To answer the question of AK84, I think it is very, very easy to convince yourself that you don’t have time to make careful, reasoned responses to a threat, or look critically at evidence that supports a purported threat. And the people currently in charge of both the United States and Russian command authority are not noted for critical evaluation of factual evidence or calmly evaluating the consequences of provocative actions. For fuck’s sake, Donald Trump clearly doesn’t even know who Frecdrick Douglass was; we can hardly expect him to have any appreciation for the more-than-half-a-dozen incidents where the United States was on the brink of nuclear war with the Soviet Union or recognize parallels in the current situation, nor has he populated his Cabinet and stable of advisors with people likely to soothe his readily-bruised ego or counsel him to a course of restraint. And in the case of an imminent strategic threat, it often seems like there is no time for restraint or discussion; action must be taken NOW to protect the nation, which mirror’s Trump’s approach to everything from health care reform to a North Korean missile test, regardless of the consequences or appearance to the public about the chaos within the administration.

One of the essential roles of the President is to appear calm and collected even when the temple is falling around him, and the role of his advisors should be hashing out the options so that the President has a clear notion of the available options and best guess of the consequences of each. In this case we essentially have a man-child president advised by conspiracy theoriests and nepotism appointees so busy with political infighting that they can’t even support essentially aspects of the president’s legislative agenda, and from appearances no one involved seems to have any conception of the gravity of their actions. Even Buddha would stop smiling about this if he were here. I think our only hope is if John Oliver and Seth Meyers can goad Trump into being so obsessed with his Twitter feed that he forgets about China, Russia, Syria, and North Korea, and goes on a rant about their weak ratings and the “failing HBO”.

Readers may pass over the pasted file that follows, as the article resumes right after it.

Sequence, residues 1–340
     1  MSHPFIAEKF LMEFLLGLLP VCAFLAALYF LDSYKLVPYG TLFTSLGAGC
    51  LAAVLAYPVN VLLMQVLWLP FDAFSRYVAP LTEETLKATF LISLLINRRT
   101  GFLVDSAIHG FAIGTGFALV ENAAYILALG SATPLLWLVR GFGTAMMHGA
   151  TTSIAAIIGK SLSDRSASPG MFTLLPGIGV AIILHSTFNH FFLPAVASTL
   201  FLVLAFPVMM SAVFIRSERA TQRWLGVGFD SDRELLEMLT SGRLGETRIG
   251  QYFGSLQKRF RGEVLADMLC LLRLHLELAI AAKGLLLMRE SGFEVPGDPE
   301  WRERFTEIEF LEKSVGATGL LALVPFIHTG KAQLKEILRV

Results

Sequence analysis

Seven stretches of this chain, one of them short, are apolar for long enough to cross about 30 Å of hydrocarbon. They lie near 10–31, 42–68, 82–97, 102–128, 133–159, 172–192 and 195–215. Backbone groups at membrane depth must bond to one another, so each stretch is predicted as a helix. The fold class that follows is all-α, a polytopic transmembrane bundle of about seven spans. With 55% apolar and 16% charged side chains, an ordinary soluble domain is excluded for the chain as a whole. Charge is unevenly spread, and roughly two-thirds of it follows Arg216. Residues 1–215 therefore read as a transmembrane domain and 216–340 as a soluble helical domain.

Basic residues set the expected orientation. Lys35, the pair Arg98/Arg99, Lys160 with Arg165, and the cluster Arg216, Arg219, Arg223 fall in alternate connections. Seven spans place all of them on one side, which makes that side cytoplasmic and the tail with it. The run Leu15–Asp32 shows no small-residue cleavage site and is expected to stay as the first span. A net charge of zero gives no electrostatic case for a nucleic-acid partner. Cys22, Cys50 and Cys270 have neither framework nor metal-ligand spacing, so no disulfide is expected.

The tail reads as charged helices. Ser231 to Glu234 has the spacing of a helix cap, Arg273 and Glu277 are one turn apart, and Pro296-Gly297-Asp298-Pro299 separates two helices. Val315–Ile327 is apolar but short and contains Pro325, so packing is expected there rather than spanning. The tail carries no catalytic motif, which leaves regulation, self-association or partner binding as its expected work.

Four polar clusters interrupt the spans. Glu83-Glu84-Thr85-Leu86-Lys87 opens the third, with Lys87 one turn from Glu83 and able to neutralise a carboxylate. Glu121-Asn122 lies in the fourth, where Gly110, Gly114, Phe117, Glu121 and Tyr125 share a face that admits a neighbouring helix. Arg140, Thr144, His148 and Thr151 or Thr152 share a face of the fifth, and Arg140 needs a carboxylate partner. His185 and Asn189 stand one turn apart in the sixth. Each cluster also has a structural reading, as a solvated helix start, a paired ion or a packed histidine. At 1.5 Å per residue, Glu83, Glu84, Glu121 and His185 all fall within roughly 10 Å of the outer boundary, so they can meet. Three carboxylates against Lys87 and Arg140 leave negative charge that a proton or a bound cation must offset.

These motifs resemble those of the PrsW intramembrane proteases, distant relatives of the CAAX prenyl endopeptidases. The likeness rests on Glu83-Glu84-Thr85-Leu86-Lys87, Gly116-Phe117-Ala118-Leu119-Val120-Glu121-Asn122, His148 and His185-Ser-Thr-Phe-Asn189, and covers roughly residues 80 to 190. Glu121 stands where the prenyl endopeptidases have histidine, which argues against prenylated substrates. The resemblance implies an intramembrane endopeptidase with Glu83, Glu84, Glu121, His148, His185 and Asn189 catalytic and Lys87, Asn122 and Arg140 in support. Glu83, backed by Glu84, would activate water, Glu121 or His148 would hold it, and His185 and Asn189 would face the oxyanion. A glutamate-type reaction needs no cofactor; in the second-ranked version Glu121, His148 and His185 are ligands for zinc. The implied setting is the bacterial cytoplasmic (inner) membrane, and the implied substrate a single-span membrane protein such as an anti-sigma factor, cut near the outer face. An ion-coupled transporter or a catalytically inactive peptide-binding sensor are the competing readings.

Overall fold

I’m not super impressed in general with most of the US punditocracy and their ability to interpret Russia, but Yuval Weber has some interesting things to say here. Short version is he doesn’t think Russia cares much one way or the other about Syria, Assad or ISIS. They’ve projected power into Syria to show that they can, and that they’re still a power that the US needs to negotiate with: what they really want is to trade influence in Syria for influence in the Ukraine and Eastern Europe (which they actually do care about), and to quote Mr. Weber, “if a US president comes along who’s willing to make that trade, within a week Assad will be living in the Moscow suburbs ruing the day he was ever fool enough to trust the Russians.”

Wasn’t it more Che Guevara than Castro who really wanted to use the nukes in the event of an invasion? Che was always the more hard-line and ideological of the two.

You may be the only person on this board for whom this was an “Unexpectedly, very bad decision by Trump”.